I finally found the time to read "The Power of Personality: The Comparative Validity of Personality Traits, Socioeconomic Status, and Cognitive Ability for Predicting Important Life Outcomes." [PDF] It's a meta-analysis, so you've really got to trust the authors to be confident in the results. But if the world works the way the authors say it does, all social scientists ought to be paying attention.
According to this article, you can measure personality with a simple survey, then use it years or decades later to make good predictions about mortality, divorce, and occupational status. The research team usually reports results from studies with decent control variables, but of course the quality of past research varies...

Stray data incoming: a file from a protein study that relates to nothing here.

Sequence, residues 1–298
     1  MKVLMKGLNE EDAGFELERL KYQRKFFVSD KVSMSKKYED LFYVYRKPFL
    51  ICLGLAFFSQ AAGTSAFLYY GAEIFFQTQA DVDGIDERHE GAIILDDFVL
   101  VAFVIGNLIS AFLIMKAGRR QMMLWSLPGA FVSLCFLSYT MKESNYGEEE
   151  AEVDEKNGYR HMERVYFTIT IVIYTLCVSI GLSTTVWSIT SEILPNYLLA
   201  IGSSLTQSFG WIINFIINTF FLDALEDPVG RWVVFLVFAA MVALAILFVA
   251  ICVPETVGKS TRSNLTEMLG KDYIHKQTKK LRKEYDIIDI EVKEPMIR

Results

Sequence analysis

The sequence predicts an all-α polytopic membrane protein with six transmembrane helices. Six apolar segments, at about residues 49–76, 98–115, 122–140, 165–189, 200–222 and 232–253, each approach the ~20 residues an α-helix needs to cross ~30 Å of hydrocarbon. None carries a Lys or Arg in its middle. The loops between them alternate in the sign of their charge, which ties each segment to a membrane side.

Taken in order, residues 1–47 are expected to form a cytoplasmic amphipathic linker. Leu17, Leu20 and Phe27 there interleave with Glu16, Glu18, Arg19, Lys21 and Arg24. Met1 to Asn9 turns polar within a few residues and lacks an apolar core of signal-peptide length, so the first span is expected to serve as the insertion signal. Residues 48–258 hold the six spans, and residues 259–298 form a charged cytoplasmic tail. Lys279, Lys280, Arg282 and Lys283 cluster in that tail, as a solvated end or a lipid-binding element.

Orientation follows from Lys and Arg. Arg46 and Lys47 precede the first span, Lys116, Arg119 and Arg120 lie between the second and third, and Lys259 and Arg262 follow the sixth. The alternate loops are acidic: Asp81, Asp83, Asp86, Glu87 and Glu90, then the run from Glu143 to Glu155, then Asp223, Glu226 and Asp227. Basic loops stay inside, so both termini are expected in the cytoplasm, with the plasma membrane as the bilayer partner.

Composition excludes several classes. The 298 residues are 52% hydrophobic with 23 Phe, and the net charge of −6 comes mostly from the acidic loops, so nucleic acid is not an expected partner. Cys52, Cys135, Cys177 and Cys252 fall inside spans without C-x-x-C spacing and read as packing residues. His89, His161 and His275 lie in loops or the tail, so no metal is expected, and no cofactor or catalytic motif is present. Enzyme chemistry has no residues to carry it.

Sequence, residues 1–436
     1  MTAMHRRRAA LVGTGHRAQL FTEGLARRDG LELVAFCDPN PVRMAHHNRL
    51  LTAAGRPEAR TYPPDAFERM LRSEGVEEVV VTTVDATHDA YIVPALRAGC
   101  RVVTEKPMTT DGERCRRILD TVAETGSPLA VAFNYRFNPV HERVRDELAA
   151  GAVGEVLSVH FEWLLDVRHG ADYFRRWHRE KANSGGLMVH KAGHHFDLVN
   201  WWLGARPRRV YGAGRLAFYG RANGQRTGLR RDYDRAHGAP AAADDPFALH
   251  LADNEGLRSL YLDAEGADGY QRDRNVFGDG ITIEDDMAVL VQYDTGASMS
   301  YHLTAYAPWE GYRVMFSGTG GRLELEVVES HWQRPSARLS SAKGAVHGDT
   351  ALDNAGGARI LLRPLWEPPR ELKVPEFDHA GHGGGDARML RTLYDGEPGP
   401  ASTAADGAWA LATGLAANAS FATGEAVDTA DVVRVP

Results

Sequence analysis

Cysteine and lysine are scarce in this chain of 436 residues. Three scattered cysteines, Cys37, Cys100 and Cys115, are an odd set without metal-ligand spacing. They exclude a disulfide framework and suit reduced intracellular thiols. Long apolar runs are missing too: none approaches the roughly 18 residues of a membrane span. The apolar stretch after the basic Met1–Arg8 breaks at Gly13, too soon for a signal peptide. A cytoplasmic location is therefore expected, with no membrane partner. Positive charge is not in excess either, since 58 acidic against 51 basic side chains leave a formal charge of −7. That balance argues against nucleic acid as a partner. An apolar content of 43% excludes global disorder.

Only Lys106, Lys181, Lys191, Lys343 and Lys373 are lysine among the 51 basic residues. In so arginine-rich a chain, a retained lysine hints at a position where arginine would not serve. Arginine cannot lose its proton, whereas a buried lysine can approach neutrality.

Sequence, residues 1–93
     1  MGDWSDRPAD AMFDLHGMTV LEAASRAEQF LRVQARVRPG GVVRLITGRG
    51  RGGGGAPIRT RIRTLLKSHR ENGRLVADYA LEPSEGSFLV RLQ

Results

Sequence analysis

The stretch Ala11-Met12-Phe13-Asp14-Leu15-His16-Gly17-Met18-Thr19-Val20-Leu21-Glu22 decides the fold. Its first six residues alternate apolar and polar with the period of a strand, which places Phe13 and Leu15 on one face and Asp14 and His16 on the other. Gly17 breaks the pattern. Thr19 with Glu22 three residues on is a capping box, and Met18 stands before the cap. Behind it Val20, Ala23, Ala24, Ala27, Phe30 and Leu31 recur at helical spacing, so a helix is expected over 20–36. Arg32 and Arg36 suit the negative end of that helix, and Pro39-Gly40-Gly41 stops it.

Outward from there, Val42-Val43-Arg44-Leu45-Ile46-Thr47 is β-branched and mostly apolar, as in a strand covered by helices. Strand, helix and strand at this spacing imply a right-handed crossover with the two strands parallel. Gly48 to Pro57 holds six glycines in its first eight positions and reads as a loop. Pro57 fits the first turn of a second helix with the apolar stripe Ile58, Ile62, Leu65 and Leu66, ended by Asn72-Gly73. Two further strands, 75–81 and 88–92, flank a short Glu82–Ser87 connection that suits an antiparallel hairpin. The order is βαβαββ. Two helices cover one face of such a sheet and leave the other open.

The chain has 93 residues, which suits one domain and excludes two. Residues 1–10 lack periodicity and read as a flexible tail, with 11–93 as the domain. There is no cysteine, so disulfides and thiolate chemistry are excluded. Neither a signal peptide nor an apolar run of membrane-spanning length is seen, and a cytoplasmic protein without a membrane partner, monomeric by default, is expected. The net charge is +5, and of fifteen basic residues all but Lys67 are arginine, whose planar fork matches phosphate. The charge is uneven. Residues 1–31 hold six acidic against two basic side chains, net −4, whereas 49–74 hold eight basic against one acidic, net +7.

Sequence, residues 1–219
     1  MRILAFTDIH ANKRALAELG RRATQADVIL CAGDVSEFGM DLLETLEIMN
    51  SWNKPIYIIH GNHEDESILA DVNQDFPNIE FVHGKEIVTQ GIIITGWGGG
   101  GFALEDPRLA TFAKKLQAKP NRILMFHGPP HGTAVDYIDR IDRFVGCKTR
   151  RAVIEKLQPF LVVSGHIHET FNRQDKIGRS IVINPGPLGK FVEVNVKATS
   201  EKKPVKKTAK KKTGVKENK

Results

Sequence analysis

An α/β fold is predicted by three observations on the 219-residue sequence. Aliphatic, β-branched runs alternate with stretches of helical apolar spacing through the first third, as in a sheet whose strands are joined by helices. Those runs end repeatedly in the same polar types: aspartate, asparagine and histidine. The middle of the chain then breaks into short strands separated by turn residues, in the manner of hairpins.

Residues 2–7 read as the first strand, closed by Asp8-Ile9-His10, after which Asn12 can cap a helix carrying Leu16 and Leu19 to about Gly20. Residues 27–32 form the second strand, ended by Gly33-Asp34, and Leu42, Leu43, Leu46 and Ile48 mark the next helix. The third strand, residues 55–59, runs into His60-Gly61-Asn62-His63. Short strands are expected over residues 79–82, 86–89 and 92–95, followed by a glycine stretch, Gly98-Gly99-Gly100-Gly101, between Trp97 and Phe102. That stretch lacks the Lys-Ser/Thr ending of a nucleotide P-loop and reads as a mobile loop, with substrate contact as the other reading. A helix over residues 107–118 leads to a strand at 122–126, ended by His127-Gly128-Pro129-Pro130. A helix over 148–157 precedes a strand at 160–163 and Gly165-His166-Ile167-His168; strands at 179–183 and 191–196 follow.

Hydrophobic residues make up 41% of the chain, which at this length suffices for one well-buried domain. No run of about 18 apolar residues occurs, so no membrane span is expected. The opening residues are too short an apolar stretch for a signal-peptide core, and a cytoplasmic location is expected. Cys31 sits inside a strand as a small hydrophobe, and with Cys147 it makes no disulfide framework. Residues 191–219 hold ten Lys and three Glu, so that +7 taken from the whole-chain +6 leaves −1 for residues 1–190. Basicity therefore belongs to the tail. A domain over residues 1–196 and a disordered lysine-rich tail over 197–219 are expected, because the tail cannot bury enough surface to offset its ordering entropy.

Overall, I'm inclined to believe these results. In my experience, people are highly yet predictably different in their preferences. Since luck usually averages out in the long run, it seems like these predictable differences should lead to large average differences in people's lives. The fact that prominent personality specialists will stick their necks out and make these generalizations makes me marginally more confident in my initial intuitions.
Monday, June 15, 2009
Does Personality Matter?